Read Hillbilly Elegy: A Memoir of a Family and Culture in Crisis by J.D. Vance Online

Hillbilly Elegy: A Memoir of a Family and Culture in Crisis

From a former marine and Yale Law School graduate, a powerful account of growing up in a poor Rust Belt town that offers a broader, probing look at the struggles of Americas white working classHillbilly Elegy is a passionate and personal analysis of a culture in crisisthat of white working-class Americans. The decline of this group, a demographic of our country that has been slowly disintegrating over forty years, has been reported on with growing frequency and alarm, but has never before been written about as searingly from the inside. J. D. Vance tells the true story of what a social, regional, and class decline feels like when you were born with it hung around your neck.The Vance family story begins hopefully in postwar America. J. D.s grandparents were dirt poor and in love, and moved north from Kentuckys Appalachia region to Ohio in the hopes of escaping the dreadful poverty around them. They raised a middle-class family, and eventually their grandchild (the author) would graduate...

Title : Hillbilly Elegy: A Memoir of a Family and Culture in Crisis
Author :
Rating :
ISBN : 9780062300546
Format Type : Hardcover
Number of Pages : 257 pages
Status : Available For Download
Last checked : 21 Minutes ago!

Hillbilly Elegy: A Memoir of a Family and Culture in Crisis Reviews

  • Laurie Anderson

    I grew up in a similar community.... wanted to like this book, but I lost all respect for it because the author didn't discuss the enormous issue of racism in the context of rural white poverty. A cowardly omission.

  • Diane S ☔

    Possibly the most timely read of the year, here in the United States. Not just a sociological view of this group of people I had heard nor read little about, but the experiences of a young man raised in this environment and pulled himself out, though he does acknowledge to receiving much help along the way. This book enlightens the reader about the huge disparity in thinking between those making the leas and those receiving the benefits of these laws, which probably hinder more than help. His st ...more

  • Lyn

    A well written, thoughtful statement about our culture; where we are now, how we got here and where we could be going.

    I identify closely with the author: both of us were born poor and from divorced parents, both benefited from military service and both found a way to get through law school (coincidentally even though I am fifteen years Vance’s senior and am closer in age to his mother, he and I were in Iraq at the same time and both worked for military pubic affairs and both took part in civil a
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  • Jessica

    I read this book as an advance galley, long before it became a Thing and I did not read this book because I wanted Vance to explain Trump, though he's somehow been chosen by liberal media as the person to do just that (though the handful of interviews I saw seemed more like Chris Matthews wanted to pat himself on the back for having a guest with hillbilly cred than actually listening to what Vance had to say). I didn't think this book would have mass appeal because no one outside of Appalachia s ...more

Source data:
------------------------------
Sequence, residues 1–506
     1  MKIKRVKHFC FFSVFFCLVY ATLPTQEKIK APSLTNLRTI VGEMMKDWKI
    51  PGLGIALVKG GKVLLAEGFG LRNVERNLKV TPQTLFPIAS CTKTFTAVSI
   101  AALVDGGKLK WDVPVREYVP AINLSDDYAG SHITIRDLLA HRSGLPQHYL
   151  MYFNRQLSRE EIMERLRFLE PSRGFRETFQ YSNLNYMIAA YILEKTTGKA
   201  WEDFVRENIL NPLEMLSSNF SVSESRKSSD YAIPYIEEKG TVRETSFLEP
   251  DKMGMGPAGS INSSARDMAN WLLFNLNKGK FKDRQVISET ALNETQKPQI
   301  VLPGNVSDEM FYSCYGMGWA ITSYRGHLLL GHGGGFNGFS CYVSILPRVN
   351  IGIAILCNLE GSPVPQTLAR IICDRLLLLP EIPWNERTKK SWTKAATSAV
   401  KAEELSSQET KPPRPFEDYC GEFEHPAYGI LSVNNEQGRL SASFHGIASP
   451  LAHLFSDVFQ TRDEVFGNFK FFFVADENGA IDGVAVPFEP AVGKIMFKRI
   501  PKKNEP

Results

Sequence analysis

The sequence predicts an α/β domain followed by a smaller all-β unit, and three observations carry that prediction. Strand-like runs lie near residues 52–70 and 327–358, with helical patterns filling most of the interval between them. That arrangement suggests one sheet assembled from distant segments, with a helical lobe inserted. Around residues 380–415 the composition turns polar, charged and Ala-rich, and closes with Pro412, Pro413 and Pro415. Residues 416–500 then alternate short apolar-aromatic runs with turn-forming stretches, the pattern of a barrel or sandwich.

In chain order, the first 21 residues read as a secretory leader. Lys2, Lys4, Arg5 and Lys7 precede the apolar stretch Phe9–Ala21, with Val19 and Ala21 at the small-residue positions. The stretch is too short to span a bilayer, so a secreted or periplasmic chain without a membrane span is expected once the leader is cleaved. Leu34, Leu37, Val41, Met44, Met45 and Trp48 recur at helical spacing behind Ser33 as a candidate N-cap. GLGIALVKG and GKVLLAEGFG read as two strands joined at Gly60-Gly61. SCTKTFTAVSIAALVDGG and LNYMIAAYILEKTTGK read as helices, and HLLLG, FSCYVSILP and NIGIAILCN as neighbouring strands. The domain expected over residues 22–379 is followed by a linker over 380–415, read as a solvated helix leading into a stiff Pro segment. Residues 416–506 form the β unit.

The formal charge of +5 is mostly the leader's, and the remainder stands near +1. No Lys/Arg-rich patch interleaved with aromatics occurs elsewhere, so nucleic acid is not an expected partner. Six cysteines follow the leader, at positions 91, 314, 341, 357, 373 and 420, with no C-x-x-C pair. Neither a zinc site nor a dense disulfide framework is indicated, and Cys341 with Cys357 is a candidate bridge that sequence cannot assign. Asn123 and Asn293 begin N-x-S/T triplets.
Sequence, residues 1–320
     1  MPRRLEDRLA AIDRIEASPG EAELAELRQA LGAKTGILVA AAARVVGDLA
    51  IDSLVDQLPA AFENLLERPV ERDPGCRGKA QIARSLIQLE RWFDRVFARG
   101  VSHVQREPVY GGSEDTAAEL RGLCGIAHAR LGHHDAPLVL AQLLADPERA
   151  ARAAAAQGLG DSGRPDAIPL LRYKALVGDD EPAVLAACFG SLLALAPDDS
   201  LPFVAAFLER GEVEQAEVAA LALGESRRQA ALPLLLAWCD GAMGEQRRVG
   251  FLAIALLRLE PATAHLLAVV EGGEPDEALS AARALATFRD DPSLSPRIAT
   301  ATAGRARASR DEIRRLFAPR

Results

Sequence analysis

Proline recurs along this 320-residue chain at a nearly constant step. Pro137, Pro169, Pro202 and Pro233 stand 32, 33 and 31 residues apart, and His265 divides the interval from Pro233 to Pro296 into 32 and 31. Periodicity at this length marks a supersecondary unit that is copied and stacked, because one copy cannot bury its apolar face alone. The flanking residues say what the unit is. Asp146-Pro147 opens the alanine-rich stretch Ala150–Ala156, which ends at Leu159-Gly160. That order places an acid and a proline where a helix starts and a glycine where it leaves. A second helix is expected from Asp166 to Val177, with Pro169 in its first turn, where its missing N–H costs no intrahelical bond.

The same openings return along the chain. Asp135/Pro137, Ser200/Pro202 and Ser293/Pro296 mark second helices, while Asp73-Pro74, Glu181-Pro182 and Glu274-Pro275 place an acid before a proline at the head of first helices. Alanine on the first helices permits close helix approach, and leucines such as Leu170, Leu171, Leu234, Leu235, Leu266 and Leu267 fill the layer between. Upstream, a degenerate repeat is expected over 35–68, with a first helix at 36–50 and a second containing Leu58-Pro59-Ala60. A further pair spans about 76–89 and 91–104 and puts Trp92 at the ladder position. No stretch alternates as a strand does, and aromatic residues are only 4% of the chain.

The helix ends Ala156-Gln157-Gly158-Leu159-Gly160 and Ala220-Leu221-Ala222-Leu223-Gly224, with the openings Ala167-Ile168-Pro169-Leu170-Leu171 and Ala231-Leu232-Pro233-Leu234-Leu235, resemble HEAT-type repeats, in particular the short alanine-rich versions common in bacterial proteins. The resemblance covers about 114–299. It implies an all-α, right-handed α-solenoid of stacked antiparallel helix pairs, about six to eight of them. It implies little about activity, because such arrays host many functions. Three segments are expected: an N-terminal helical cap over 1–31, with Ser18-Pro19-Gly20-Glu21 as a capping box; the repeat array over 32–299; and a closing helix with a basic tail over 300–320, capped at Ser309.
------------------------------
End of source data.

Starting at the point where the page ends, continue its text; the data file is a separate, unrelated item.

• Delee

    Three month non-ranty political review time is ovvvvvvvvvvvvvvver. Woo Hoo!!! Loooooook out Beeoooootcheeees!

    “I know you real Americans hate being called stupid, but you gotta meet me half way and stop being stupid.”

    Bill Maher


    My empathy level for stupid Americans has diminished this last year. I have un-friended a few people I once thought to be good, intelligent, and sane. This year has opened my eyes to an ugliness and a selfishness in people that I never imagined existed in so many. And that
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  • Heidi The Hippie Reader

    Intense memoir of J.D. Vance's childhood and eventual rise. It reminded me of Angela's Ashes except that instead of Ireland, it took place in Kentucky/Ohio and the drug of choice was prescription pills rather than alcohol. I was astonished that J.D. not only survived, but thrived. He credits his grandparents with saving his life, but a lot of different factors came together at the right time to propel him out of his dead end hometown. This is that story.

    In his own words: "Whatever talents I have
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  • Diane Barnes

    I am not quite as enamored of this book as a lot of people. It tells this young man's story of his journey out of poverty and violence into the world of an elite pursuer of the American Dream. He had luck, intelligence, and a Mamaw and Papaw who cared enough to help him along. The Marine Corp was another catalyst into the good life. He was smart enough to use all these things as a way out of a downward spiral.

    I'm not sure where the idea that this book explains Donald Trump's rise came from, but
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  • Matthew

    This is an incredibly fascinating and well done book. I think that the thoughts and opinions of the author might be controversial, but he lived through it and saw the good and the bad so I will give him the benefit of the doubt on how he sees things after the way he grew up!

    When I saw the name, I figured this would be reading about a real life Deliverance-esque town. However, this is more about how a boy develops into a man when dealing with being raised by a family with a “Hillbilly” background
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